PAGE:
Point of contact
A recent vacancy advert for chief of staff in the ministry of evaluation and monitoring in the presidency – similar to the post Thuthukile now holds – indicates that a chief of staff would also act as a primary point of contact for the department’s director general on behalf of the minister.
A chief of staff can even be a proxy for the minister himself, as a ministerial representative, if delegated by the minister.
Depending on the size of the ministry, the number of employees under the chief of staff can vary between 10 and 20 people, including ministerial spokespersons and very experienced staffers.
Even though ministerial advisers report directly to the minister, in some ministries chiefs of staff call the shots and regulate the advisers’ access to the principal. Depending on their relationship with the minister, some chiefs of staff even write speeches and act as de facto chief advisers to the politicians.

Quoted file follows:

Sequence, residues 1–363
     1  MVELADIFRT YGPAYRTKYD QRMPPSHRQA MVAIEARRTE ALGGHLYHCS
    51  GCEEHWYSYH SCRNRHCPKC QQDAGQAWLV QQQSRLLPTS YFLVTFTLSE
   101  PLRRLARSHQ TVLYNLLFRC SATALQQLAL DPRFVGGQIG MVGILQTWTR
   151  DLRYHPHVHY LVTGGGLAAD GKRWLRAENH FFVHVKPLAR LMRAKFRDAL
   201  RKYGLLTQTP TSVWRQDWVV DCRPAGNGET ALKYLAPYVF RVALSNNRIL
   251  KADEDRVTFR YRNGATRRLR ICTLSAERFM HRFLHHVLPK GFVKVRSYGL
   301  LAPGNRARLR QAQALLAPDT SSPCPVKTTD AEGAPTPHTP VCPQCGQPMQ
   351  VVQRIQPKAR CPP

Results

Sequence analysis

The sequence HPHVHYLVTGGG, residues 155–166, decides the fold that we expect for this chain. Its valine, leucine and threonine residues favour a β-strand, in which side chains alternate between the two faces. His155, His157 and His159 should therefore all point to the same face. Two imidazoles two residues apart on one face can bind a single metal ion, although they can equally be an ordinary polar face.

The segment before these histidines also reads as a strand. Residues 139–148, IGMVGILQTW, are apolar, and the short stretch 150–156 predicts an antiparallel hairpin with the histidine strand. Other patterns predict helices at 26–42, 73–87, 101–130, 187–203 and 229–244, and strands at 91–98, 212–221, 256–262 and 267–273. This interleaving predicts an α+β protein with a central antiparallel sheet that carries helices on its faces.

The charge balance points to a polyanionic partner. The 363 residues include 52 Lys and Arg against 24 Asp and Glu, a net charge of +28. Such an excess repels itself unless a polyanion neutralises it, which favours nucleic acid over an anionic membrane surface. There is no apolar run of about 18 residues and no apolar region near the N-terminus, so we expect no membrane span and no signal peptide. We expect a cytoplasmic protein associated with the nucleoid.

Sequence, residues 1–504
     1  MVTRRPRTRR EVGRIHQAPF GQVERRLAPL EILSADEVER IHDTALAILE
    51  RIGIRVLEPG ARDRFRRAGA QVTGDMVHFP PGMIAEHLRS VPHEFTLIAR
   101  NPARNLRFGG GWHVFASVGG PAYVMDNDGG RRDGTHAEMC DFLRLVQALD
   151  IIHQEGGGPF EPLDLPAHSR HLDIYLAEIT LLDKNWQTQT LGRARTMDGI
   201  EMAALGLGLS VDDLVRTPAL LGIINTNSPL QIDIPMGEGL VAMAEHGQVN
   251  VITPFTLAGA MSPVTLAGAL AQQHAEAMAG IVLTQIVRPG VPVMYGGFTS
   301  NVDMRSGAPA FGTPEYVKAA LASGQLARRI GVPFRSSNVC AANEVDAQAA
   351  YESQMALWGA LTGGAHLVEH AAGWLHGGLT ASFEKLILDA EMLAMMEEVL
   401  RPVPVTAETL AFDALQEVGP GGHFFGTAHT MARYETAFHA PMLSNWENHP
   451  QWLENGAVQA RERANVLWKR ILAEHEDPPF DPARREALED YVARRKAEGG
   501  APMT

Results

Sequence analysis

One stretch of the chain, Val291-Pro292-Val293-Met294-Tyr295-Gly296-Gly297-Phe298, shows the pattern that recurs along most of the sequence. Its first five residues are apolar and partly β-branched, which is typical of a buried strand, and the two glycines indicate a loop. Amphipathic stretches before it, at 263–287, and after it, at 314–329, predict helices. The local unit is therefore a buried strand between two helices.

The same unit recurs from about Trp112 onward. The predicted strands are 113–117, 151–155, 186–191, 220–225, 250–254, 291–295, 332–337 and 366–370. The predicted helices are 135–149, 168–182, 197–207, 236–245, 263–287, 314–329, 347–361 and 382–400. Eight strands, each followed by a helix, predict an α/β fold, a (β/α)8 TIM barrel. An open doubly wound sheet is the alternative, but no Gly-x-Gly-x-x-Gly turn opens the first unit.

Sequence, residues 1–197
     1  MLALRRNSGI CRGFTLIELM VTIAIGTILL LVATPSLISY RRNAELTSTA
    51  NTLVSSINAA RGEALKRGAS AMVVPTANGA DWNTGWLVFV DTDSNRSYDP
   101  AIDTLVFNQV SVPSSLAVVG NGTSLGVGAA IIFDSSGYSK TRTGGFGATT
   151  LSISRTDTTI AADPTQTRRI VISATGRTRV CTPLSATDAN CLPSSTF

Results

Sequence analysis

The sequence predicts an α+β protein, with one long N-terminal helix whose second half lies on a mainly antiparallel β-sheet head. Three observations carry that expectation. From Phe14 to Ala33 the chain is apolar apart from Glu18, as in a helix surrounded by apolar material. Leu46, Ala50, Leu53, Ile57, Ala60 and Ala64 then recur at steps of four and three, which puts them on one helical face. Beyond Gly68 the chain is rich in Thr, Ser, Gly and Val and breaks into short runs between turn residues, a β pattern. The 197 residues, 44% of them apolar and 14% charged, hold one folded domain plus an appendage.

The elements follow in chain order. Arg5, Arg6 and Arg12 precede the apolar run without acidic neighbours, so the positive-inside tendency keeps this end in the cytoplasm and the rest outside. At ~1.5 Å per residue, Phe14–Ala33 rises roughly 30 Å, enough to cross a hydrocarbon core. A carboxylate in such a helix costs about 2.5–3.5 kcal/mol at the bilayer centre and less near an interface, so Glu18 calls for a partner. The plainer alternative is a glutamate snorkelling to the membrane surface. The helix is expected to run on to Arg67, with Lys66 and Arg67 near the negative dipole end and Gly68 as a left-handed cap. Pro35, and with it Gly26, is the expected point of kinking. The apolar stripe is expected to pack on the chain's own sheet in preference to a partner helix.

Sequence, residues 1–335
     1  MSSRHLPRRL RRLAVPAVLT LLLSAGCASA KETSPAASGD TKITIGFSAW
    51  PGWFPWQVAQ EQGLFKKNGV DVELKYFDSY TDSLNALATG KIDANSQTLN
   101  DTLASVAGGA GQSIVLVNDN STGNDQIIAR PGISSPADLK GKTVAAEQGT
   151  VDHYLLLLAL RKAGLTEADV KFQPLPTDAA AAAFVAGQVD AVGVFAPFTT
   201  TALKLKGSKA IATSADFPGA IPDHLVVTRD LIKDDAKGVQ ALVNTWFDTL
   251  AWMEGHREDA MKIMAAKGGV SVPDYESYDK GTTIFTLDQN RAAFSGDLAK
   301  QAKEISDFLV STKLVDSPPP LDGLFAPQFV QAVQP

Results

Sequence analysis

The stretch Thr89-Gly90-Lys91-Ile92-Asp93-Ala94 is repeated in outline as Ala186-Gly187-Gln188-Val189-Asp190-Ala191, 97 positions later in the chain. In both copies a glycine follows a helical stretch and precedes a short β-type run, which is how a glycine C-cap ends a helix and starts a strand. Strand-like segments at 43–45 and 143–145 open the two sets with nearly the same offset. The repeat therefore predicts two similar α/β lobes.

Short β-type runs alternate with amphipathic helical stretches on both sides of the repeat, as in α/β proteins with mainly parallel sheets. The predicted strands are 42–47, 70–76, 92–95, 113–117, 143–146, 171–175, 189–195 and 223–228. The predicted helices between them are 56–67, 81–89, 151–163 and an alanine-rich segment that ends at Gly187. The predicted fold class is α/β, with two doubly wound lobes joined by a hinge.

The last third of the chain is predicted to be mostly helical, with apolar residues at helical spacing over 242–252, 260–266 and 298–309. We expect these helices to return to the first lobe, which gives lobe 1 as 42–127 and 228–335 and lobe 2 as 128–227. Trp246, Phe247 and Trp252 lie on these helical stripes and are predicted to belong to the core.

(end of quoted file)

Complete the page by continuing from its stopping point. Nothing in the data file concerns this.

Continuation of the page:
Before she joined telecommunications, Thuthukile served as a public liaison officer at the State Security Agency “for just under a year”, according to State Security spokesperson Brian Dube.
Thuthukile then moved with Cwele to the new portfolio two months ago, where she was suddenly promoted to the powerful position that manages almost all the minister’s business.
State Security referred all questions to Cwele as the person who had appointed Thuthukile in the new department. Spokesperson Qoza confirmed that Thuthukile has a contract appointment at the ministry, but he would not respond to questions about her relevant experience for the role, saying only that it is “consistent with the rules and regulations governing the appointment of people in government ministries”.
According to Qoza, this, together with her academic qualifications, secured her the job. “Ms Zuma has worked with the minister before,” Qoza said. “The minister only considered her capacity for the job and her qualifications.”